This is a novel of a sixties refugee in the early eighties, when all the hopes of peace and love and change have been turned into Yuppiedom, real estate agents and ad executives. A journalist-turned-novelist, called in to investigate the death of a music promoter, journeys into his past and finds, in the attempted resurrection of a Doors-like rock band (the Nazgûl, with tons of Tolkien references), both a window into his own history and perhaps a dangerous door into another world. Very much of its time, and not just because people can only find information by making phone calls and driving across the country. It’s a cry of sadness that the sixties ended from someone who did very well thereafter; make of that what you will. ( )
  rivkat | May 1, 2010 |
Showing 1-5 of 8 (next | show all)
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Author nameRoleType of authorWork?Status
George R. R. Martinprimary authorall editionsconfirmed
Charles, MiltonCover artistsecondary authorsome editionsconfirmed
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It was not one of Sandy Blair's all-time great days.
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Amazon.com Product Description (ISBN 0553383078, Paperback)

“The best novel concerning the American pop music culture of the sixties I’ve ever read.”—Stephen King
 
From #1 New York Times bestselling author George R. R. Martin comes the ultimate novel of revolution, rock ’n’ roll, and apocalyptic murder—a stunning work of fiction that portrays not just the end of an era, but the end of the world as we know it.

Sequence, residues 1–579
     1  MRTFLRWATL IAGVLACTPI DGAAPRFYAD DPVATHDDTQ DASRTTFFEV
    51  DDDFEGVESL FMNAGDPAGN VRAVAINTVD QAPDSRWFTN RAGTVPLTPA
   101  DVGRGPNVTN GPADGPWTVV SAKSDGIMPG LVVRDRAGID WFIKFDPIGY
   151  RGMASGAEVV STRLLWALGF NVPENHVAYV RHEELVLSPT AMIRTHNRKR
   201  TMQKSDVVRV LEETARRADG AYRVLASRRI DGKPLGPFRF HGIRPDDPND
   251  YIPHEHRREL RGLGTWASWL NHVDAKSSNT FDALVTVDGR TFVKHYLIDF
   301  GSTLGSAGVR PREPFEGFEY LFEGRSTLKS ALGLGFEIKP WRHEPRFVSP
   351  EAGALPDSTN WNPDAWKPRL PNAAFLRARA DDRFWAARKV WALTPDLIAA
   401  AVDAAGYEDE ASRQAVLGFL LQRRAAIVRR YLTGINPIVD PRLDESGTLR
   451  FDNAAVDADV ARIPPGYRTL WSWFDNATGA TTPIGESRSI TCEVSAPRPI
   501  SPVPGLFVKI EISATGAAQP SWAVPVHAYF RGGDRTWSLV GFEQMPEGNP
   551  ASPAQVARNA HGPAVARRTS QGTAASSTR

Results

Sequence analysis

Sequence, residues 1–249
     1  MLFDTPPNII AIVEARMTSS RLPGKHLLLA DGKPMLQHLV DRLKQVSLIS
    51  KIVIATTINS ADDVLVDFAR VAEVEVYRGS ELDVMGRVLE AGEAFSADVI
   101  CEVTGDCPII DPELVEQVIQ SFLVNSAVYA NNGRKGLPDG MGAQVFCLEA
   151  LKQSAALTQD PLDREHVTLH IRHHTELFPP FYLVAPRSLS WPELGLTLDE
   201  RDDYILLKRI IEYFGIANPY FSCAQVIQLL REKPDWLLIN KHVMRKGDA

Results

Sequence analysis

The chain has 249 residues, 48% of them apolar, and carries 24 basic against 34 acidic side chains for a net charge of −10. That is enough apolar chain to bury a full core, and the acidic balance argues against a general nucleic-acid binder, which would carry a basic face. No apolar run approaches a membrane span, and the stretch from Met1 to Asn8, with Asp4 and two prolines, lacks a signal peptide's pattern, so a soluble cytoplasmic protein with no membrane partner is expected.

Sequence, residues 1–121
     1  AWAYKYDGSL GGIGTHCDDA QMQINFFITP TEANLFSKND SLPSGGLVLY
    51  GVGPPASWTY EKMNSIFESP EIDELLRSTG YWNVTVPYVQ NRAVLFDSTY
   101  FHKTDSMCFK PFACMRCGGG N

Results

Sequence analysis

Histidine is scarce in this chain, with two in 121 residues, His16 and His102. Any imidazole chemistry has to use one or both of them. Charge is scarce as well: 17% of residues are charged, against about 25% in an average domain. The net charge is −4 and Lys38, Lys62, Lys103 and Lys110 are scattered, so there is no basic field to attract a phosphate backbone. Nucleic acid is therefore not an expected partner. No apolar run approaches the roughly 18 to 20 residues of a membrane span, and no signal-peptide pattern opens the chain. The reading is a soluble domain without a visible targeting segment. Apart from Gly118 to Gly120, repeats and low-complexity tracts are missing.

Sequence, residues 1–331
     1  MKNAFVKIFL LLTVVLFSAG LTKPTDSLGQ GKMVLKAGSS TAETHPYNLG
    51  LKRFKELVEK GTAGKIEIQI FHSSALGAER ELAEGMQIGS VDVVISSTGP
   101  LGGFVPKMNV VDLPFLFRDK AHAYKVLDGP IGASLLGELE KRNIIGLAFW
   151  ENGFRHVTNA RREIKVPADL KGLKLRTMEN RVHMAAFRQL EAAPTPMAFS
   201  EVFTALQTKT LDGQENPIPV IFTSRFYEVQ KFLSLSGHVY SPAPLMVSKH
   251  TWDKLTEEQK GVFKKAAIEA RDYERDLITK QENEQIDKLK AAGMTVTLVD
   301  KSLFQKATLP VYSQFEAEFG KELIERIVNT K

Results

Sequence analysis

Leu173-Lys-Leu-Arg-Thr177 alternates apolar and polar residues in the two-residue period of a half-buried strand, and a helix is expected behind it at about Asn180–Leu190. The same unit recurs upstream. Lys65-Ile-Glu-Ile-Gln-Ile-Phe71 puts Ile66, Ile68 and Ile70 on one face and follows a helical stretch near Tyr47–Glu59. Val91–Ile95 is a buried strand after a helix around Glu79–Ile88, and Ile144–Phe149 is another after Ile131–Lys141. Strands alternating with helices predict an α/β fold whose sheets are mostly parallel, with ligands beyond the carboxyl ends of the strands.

Onetime underground journalist Sandy Blair has come a long way from his radical roots in the ’60s—until something unexpectedly draws him back: the bizarre and brutal murder of a rock promoter who made millions with a band called the Nazgûl. Now, as Sandy sets out to investigate the crime, he finds himself drawn back into his own past—a magical mystery tour of the pent-up passions of his generation. For a new messiah has resurrected the Nazgûl and the mad new rhythm may be more than anyone bargained for—a requiem of demonism, mind control, and death, whose apocalyptic tune only Sandy may be able to change in time . . . before everyone follows the beat.
 
“The wilder aspects of the ’60s . . . roar back to life in this hallucinatory story by a master of chilling suspense.”—Publishers Weekly
 
“What a story, full of nostalgia and endless excitement. . . . It’s taut, tense, and moves like lightning.”—Tony Hillerman
 
“Daring . . . a knowing, wistful appraisal of . . . a crucial American generation.”—Chicago Sun-Times
 
“Moving . . . comic . . . eerie . . . really and truly a walk down memory lane.”—The Washington Post

(retrieved from Amazon Mon, 30 Sep 2013 13:29:52 -0400)

(see all 3 descriptions)

One-time underground journalist Sandy Blair has come a long way from his radical roots in the '60s--until something unexpectedly draws him back: the bizarre and brutal murder of a rock promoter who made millions with the '60s band the Nazgûl. Now, as Sandy sets out to investigate the crime, he finds himself drawn back into his own past--a magical mystery tour of the pent-up passions of his generation. For a new messiah has resurrected the Nazgûl and the mad new beat may be more than anyone bargained for--a requiem of demonism, mind control, and death, whose apocalyptic tune only Sandy may be able to change in time.--From publisher description.… (more)

» see all 3 descriptions